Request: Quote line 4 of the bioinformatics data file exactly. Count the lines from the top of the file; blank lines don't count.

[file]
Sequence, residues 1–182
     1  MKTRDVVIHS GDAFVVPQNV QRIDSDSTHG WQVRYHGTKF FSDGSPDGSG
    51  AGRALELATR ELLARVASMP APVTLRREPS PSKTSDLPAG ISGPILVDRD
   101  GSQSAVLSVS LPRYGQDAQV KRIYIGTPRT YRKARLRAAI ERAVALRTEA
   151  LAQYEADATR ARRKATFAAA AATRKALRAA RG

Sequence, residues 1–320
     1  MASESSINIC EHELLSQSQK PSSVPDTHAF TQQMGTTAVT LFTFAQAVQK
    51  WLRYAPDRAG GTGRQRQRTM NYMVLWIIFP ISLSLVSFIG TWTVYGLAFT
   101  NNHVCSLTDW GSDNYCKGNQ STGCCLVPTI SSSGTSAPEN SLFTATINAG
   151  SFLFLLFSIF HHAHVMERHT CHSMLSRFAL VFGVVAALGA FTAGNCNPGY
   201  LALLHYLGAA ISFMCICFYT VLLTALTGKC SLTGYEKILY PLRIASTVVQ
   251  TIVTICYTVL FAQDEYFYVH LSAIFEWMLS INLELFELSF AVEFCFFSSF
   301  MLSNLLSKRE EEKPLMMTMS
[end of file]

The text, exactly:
   101  GSQSAVLSVS LPRYGQDAQV KRIYIGTPRT YRKARLRAAI ERAVALRTEA